In mid-September, Typhoon Chanthu impacted the world’s busiest container port, Shanghai, as well as the Ningbo port complex. Although the storm did not make a direct impact on Shanghai, the port along with others in the region and the airports were all closed. This caused upheaval in the subsequent supply chain as delays in arrivals meant postponing off-loading, cost differentials for freight transport, warehouse storage and store deliveries along with more.
Reflecting back in time on such sites to comprehend if there are related atmospheric triggers or, is there a seasonality to it can help container ships make decisions in advance to ensure cargo, passenger and ship safety. Analysing historical weather data along a route of waypoints, i.e., high risk trajectories, will pave the way for fuel optimisation as well as reducing carbon emissions.
If you’d like to learn more about how historical weather data can help you create smarter voyages and a better world, watch our webinar now to learn directly from the experts.
Paints the truth
Unfortunately, like the rest of the world, the shipping industry is prone to conflict. Maritime insurance service providers can use historical weather data to understand if extreme weather related events impacted a ship disaster or what truly led to it. They can also use it to define their products by assigning premiums on high-risk regions where hurricanes occur or wave heights can thrash cargo and send it into the deepest depths of the sea.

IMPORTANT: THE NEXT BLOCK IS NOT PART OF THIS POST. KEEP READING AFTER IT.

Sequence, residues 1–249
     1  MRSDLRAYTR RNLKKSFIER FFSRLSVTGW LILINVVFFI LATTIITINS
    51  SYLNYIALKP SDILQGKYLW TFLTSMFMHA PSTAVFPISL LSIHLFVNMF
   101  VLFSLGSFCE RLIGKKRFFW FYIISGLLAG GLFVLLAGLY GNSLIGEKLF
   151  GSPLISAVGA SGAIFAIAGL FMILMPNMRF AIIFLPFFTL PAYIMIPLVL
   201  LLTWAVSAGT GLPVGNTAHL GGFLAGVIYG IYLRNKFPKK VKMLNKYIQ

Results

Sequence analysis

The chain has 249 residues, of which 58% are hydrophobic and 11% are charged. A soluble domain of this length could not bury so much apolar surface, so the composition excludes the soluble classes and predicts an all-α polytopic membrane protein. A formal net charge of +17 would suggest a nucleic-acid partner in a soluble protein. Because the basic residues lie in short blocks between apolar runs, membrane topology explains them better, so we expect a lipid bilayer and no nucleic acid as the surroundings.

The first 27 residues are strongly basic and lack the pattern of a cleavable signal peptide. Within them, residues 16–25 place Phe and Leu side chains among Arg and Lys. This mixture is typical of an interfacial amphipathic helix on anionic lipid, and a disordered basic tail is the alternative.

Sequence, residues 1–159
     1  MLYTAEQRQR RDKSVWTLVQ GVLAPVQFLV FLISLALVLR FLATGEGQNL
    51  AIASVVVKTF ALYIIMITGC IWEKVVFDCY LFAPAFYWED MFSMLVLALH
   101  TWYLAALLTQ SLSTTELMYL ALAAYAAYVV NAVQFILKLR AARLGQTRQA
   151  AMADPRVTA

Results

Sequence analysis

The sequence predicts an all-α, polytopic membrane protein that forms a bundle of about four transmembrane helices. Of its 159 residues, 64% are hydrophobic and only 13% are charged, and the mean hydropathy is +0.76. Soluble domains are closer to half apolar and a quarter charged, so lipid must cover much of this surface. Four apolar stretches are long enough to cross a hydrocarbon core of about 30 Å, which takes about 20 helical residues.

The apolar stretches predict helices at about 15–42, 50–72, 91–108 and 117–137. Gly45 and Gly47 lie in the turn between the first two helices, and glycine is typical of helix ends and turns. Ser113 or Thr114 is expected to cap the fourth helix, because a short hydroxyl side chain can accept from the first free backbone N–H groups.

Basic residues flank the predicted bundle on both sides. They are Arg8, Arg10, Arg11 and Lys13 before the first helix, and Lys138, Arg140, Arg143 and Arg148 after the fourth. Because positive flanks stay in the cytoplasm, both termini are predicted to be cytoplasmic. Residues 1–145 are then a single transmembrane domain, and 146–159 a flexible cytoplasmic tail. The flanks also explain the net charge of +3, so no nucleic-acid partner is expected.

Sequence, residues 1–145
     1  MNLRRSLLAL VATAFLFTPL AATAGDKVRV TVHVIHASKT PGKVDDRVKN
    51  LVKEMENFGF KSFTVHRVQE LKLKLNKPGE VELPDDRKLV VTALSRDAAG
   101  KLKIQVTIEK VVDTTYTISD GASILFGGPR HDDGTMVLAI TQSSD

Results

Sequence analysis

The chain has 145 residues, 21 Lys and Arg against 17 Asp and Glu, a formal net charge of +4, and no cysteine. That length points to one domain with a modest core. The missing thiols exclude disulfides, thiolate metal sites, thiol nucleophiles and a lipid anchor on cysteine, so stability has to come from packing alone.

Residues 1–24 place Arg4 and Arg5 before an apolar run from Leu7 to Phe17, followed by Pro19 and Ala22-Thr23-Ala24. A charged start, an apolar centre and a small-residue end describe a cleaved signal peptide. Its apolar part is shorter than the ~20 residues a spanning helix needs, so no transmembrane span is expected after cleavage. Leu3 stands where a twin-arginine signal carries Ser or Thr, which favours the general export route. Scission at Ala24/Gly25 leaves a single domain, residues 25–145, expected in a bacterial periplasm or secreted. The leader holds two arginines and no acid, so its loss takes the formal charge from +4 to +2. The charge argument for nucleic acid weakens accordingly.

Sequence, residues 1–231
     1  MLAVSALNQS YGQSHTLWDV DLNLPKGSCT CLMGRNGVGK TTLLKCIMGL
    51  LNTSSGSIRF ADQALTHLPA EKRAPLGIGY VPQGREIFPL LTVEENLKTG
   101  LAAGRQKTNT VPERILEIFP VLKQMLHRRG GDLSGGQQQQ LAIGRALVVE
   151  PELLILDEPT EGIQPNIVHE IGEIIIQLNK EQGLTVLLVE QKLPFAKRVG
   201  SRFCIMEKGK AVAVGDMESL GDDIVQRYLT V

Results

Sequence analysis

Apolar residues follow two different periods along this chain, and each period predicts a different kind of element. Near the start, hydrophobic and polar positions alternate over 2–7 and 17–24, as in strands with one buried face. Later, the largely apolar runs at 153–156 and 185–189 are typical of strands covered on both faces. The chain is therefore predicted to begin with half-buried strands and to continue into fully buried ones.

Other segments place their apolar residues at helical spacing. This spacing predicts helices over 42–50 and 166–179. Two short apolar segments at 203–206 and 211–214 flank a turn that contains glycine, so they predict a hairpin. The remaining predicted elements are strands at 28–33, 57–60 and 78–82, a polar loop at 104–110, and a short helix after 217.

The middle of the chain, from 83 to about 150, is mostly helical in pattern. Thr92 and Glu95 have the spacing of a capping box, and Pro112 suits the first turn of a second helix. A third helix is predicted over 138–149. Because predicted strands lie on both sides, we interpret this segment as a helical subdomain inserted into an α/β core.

Trains AI and weather models
As a spin-off from Maersk Tankers and a leader in its industry, ZeroNorth is paving the way to provide real-time weather voyage optimisation and aims to deliver a reliable, transparent solution straight to your fingertips. Spire’s maritime historical weather data contributes to the benefit customers can gain from ZeroNorth’s routed voyages helping them get from A to B more optimally.
Companies such as ZeroNorth are tapping into the power of historical weather data to train their fuel optimisation and voyage routing softwares to deliver more accurate results and help the maritime industry to become more sustainable through diminished carbon emissions.
“It’s important to find partners that understand the essence of historical weather data to be in a structured format that’s been cleaned and is easy to use.”
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It’s simple: the more data points you collect, the more equipped you are to understand the forthcoming potential impact of weather on your business.
However, with meshing infinite, eclectic sources of data into weather models and algorithms can be an exhausting, time-consuming exercise. Why, you may ask? Data gathered across the entire planet may be inconsistent in quality and be delivered in differing layouts.
To allow you to focus your energy on your business, Spire steps in to provide unique, rich historical weather datasets that have been through the process of data assimilation and run through machine learning algorithms to increase accuracy. The accuracy of our data is enhanced as we collect data from across all corners of the Earth and reduce the gap of low quality in weather data as we have eyes right in the heavens. With one of the world’s largest nanosatellite constellations in orbit, we’re able to collect observations from the most under-observed regions- including the open oceans.